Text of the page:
Toﬁno is like the Paciﬁc Northwest’s older teenage cousin—loud, a little dangerous and always up for an adventure. The rugged cliffs and dense forests of Oregon and Washington to the south seem almost quaint compared to those of this remote district on Vancouver Island, off Canada’s west coast, where storm watching is a sport and cedars live to be 1,000 years old. In 1996, a decade before the area became a destination for outdoorsy professionals in Mercedes-Benz Sprinter vans—the former ﬁshing town’s popularity has risen in direct proportion to improved wetsuit technology—the Wick opened its hand-carved wooden doors overlooking Chesterman Beach. When one of those gales is blowing, it’s tempting to hunker down, pulling up a cloud-like duvet and watching the ocean rage, settling ﬁreside with a bowl of chowder and an inch of Macallan, or sampling regional cooking at the restaurant (excellent, although the beachfront summertime crab cookouts of whole Dungeness and corn-on-the-cob are even better). But that’s missing the point of the place, which is all for getting visitors outdoors, as the hurricane lantern and bright-yellow rain gear in every room attest. The weather changes in a blink, and the last thing guests need to worry about when hiking the Big Tree Trail on nearby Meares Island—or hiding behind a blackberry bush to spy on a black bear foraging for starﬁsh at low tide—is wet socks.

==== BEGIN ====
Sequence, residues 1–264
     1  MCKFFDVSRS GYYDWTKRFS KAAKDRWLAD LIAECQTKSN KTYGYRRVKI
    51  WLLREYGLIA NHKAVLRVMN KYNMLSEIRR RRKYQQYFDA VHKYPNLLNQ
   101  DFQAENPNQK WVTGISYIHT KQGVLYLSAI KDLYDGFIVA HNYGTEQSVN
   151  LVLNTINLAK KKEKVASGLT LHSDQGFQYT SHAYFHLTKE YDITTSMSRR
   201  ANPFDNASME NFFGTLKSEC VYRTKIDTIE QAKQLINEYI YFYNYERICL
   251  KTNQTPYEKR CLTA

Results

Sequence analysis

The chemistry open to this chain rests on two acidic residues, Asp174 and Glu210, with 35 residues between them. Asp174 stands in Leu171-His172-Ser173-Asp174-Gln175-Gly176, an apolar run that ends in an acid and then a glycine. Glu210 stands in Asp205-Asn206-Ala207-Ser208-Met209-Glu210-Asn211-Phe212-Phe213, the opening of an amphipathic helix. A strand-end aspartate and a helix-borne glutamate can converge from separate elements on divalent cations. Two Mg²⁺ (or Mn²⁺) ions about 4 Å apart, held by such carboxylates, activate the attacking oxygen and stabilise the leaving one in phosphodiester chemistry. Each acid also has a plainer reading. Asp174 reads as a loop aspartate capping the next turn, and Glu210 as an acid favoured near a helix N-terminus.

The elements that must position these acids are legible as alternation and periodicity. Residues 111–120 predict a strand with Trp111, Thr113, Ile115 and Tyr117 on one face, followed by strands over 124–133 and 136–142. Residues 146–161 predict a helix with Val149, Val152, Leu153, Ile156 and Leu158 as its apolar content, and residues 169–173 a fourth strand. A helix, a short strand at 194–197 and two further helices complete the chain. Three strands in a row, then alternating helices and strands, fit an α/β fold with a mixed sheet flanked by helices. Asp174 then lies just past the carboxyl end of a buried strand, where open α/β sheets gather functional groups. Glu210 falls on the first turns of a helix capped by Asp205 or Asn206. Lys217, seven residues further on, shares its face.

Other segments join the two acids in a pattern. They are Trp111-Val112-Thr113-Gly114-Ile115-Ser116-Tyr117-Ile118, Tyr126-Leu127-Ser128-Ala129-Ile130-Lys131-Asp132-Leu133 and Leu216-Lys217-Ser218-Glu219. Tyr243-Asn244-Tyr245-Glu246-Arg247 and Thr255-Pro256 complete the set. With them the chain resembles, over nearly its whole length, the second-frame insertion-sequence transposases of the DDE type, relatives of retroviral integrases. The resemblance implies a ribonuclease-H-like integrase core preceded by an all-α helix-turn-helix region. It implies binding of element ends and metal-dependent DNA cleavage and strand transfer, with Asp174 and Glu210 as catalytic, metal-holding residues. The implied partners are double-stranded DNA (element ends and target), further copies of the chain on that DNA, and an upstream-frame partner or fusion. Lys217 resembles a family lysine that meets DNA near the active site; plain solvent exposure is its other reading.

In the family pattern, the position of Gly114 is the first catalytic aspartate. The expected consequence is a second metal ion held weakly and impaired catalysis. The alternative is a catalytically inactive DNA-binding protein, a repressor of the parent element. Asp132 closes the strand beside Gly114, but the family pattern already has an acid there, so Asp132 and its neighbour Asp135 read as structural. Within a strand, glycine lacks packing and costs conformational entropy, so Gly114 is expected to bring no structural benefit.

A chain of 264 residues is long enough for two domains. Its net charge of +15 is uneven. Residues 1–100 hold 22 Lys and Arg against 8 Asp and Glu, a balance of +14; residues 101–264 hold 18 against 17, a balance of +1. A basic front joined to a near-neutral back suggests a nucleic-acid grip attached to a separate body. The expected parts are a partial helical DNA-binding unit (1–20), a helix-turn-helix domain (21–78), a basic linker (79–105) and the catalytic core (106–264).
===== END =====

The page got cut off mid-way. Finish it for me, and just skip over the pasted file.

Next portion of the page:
Doubles from about $249.
The Greenwich Hotel
In an era of the ever-more-exclusive members’ club luring the black-card- carrying wolf pack, Robert De Niro’s hotel makes privacy feel refreshingly effortless. Built more than a decade ago in a cobblestone quarter of Lower Manhattan, it creates the sensation of stepping into the actor’s own salon. The lobby is hung with abstract paintings by De Niro’s late father, and beyond it more inner sanctums await: A book-ﬁlled drawing room merges into a pocket garden, where topiaries cast an Italianate charm. Each of the 88 rooms is idiosyncratically arranged with antique silk rugs, the odd vintage table, and marble bathtubs, while the TriBeCa Penthouse is earthy and minimalist. But the enduring revelation is the Shibui Spa, where the lantern-lit pool glimmers under the beams of a 250-year-old Japanese farmhouse. A festive din still kicks up at Locanda Verde, which serves rustic plates of duck orecchiette, and New York ﬁxtures such as Yoko Ono and Jay-Z go pretty much incognito, but things settle down early. The wolf pack can go elsewhere.